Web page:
The music wing contains practice rooms and a high ceilinged performance space. Lots of individual musical tuition and girls learn the recorder in year 3. Wind and string ensembles and the chance to play with senior girls in the orchestra. The junior school is the reigning Bromley Festival schools’ choir champion in its age group. A year 5 girl is currently playing Matilda in the West End. There are whole school drama productions twice a year. This summer it’s the Mikado.

A tempting array of weekly clubs. Some sporting and musical, but also ballroom dancing, nature garden, chess club, circus skills, ‘hot off the press’ and our favourite: guinea-pig club.

The junior school building is tucked behind the senior school and a major re-development will be finished in 2020. Plain, brick-built, functional, some of the classes and the library have nice views across the tennis and netball courts to the woods of Jubilee Park. Plenty of playground space, mainly tarmac but the year groups are carefully divided: the reception children have a large weatherproof canopy and a pirate ship; there is a fake grass ‘Teletubby’ hill for the slightly older girls and plenty of space to run around for the Hawthorns, years 3 to 6. Making use of the grounds, the school has also adopted elements of the forest school outdoor learning.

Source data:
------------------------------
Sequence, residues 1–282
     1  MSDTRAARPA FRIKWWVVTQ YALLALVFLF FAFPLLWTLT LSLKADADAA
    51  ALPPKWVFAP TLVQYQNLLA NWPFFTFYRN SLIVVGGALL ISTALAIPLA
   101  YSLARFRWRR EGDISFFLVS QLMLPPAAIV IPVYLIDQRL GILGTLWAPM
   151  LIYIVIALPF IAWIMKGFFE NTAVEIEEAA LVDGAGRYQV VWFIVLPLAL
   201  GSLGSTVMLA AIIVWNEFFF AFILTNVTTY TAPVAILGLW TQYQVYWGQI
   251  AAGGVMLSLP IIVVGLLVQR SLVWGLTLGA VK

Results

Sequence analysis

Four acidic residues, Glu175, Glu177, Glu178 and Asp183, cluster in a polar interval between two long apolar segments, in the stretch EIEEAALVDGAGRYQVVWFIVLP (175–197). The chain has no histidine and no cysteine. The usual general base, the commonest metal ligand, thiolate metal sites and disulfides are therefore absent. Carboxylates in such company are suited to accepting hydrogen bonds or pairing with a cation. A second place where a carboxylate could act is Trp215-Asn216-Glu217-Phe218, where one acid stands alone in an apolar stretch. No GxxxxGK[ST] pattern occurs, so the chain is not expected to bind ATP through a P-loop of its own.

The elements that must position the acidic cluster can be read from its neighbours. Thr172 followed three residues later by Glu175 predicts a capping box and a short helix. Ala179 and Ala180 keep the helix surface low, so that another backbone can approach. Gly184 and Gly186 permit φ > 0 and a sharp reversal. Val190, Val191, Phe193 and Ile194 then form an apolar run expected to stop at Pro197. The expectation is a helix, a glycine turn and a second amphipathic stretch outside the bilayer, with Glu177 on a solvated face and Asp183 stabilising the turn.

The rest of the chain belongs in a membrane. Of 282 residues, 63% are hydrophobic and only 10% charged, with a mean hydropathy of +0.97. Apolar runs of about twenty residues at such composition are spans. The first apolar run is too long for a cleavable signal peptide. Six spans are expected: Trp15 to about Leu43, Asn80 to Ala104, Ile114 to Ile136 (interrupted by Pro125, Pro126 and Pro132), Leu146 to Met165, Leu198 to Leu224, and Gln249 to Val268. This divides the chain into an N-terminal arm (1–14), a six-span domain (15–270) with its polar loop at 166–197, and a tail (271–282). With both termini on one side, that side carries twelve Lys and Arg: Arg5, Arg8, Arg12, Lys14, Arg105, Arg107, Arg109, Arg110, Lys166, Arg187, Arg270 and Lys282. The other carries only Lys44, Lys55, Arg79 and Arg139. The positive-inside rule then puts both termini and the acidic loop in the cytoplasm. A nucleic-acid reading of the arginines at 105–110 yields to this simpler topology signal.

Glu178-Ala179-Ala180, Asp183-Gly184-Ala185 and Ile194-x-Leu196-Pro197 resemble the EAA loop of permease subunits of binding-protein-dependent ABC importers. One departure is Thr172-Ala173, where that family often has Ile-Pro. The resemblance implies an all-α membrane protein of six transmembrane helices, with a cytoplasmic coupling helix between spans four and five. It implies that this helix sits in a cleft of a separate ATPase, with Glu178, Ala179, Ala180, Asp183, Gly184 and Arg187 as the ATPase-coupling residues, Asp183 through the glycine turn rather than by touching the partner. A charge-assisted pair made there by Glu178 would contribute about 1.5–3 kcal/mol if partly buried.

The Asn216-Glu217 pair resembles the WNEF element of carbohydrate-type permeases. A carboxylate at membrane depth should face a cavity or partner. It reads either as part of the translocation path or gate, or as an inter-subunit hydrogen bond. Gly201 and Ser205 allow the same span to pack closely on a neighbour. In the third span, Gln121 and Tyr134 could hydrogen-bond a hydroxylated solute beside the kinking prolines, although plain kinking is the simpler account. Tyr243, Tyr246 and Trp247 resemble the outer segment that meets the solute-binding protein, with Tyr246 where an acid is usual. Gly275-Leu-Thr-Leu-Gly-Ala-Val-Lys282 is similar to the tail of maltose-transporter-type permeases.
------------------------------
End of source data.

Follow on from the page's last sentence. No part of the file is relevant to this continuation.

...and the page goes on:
The atmosphere is orderly but relaxed with children exuberant in PE and busy at playtime. Classrooms are large and utilitarian with meticulous displays. Girls were particularly neat in their uniforms of traditional summer dresses and grey wool blazers on the day of our visit. A parent: ‘Every facet of the school seems to run like clockwork’. Confidence is most often mentioned by parents, with one telling us, ‘Our youngest daughter is a completely different child since starting Bromley High. She has grown in confidence and has really thrived’.

Working parents may be delighted with the breakfast club, which runs from 7.30am. Additional fees for this and the after-school club. Had better hope that trains run on time, as late pick up fees are steep.

A large proportion of girls for whom English is an additional language, reflecting bilingual families. Just a few with a SEN. A part-time SENCo leads a team of eight teaching assistants who offer additional classroom support to any child needing a little more individual attention. One-on-one support is available where needed. Parents seem unanimous in the trust they place in the head and her staff and the ‘nurturing’ pastoral care to be found here.